Howard’s shelter is as cozy and comfortable as an apocalyptic abode can be—a last-resort resort, if you will. It’s got a jukebox, board games and a fully functioning kitchen. Water runs from the faucets. The lights work. The air filtration system hums quietly in the background. Howard knew the day would come when his shelter would be the envy of the masses. A place where people would die—or kill—to live in.
Now, he knows, that day is here. And while he can’t say exactly what brought on the end of the world—whether a military attack, an alien invasion or a natural catastrophe—there’s no question that it has come. The world outside these walls (his walls) is dead or dying.
“As of Friday, kindness and generosity are antiquated customs.”
That’s what he says.
But he couldn’t leave Michelle out on the road to die, could he? Of course not. When he saw her there, unconscious in her wrecked car, he had to pull her out and take her home—even with the Four Horsemen bearing down on him. And so he did.
It’s sad to him, then, that as he patiently explains to Michelle how he saved her life—how she owes him, literally, everything—she just sits on her mattress on the floor, staring at him as if he was the bad guy. Granted, her new bedroom is a little rough, what with its cinderblock walls and heavy metal door that locks from the outside. And, yes, she’s chained to the wall. But that’s only temporary, he tells her. For her own safety.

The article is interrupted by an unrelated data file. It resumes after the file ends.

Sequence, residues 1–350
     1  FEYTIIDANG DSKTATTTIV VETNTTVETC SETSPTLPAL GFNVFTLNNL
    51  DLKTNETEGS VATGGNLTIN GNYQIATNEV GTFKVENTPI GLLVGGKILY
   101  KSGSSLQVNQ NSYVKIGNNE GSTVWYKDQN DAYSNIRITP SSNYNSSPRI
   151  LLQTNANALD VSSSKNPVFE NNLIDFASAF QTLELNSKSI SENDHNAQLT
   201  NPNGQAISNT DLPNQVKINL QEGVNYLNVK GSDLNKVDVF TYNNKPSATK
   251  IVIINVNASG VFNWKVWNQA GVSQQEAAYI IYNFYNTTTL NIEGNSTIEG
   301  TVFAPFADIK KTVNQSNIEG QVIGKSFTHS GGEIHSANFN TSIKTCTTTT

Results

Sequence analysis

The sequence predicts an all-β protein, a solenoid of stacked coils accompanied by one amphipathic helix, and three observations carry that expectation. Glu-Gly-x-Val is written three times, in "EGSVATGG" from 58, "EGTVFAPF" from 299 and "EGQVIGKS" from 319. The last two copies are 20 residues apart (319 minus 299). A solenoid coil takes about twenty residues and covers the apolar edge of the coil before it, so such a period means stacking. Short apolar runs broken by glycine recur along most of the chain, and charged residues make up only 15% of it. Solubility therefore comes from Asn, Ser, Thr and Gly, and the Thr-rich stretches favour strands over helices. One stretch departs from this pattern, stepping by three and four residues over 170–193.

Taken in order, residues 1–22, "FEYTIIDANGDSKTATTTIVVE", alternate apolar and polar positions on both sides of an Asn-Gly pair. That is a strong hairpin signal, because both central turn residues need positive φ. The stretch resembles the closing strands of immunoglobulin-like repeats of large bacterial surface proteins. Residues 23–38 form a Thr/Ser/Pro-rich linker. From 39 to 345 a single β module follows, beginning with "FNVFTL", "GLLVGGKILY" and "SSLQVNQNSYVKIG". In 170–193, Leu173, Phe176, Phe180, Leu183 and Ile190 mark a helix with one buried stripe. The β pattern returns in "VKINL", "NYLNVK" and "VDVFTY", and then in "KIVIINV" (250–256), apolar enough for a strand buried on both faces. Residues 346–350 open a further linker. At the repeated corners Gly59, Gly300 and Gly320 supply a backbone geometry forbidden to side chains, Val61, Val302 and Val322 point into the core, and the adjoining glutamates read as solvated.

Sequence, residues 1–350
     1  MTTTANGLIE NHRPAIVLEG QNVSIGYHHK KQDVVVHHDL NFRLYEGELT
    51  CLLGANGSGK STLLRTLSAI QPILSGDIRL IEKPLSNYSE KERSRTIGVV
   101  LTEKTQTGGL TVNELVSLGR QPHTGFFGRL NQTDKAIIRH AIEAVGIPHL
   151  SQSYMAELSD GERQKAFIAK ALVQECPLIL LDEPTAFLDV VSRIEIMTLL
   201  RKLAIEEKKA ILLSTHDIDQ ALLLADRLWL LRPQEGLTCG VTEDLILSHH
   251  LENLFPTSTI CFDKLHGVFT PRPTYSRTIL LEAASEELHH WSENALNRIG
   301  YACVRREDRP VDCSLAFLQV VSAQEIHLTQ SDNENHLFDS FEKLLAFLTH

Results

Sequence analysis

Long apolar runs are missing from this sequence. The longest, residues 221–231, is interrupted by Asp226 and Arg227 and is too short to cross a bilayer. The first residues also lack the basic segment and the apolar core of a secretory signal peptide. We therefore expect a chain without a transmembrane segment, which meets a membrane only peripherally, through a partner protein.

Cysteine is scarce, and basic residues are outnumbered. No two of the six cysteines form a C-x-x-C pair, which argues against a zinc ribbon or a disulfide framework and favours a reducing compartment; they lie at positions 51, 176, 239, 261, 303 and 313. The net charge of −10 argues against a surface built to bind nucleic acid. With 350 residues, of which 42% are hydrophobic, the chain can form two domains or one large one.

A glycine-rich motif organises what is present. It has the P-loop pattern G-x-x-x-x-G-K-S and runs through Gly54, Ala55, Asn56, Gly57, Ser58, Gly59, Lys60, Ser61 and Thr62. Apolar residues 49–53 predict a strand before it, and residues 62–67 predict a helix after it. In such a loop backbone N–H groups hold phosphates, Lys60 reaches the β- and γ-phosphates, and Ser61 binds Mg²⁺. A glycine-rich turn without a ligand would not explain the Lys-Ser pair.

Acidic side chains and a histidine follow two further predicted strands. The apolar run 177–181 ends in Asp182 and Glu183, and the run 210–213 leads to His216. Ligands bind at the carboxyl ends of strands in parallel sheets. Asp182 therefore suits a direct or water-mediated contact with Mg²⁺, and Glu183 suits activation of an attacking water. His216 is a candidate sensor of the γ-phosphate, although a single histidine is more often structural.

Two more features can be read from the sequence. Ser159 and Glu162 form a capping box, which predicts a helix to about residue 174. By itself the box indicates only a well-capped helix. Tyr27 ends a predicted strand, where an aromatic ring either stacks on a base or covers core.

“What are you going to do with me?” Michelle asks.
“I’m going to keep you alive,” Howard tells her. He throws her the key to her shackles and walks out, shutting and locking the heavy door behind him.
And Michelle is left to wonder which poses the gravest danger: the world outside … or the world within.
Michelle and Howard have company in this doomsday shelter: Emmett, the young man who helped Howard build the thing. And over the days and weeks that follow, he and Michelle develop a strong friendship—one that eventually forces one of them to offer up the ultimate sacrifice.
While Emmett seems like a pretty all-around good guy from the get-go, Michelle grows during the course of her confinement. Before she showed up in Howard’s bunker, she tended to run away from problems; by the time 10 Cloverfield Lane wraps, she’s able to stand up—both literally and metaphorically—to the dangers that surround her.
This film has a total of 11 cast credits and some of those are just credited for voices (Bradly Cooper being one of them) John Goodman does do a great job in his role having you on the fence to whether you can trust him or not.
People may find the pace a bit slow though and the pay off a little rushed. Critics have been praising this film but honestly im on the fence. The cast and acting is outstanding but the plot feels as if its a cross between Panic room and Signs.
If you are a fan of tension built films that have a slow burn than by all means this is a must, but if you crave a quick paced film then this is not for you.
So out of a possible five stars, 10 Cloverfield Lane Earns:
What did you think of this film?
Thank you for reading.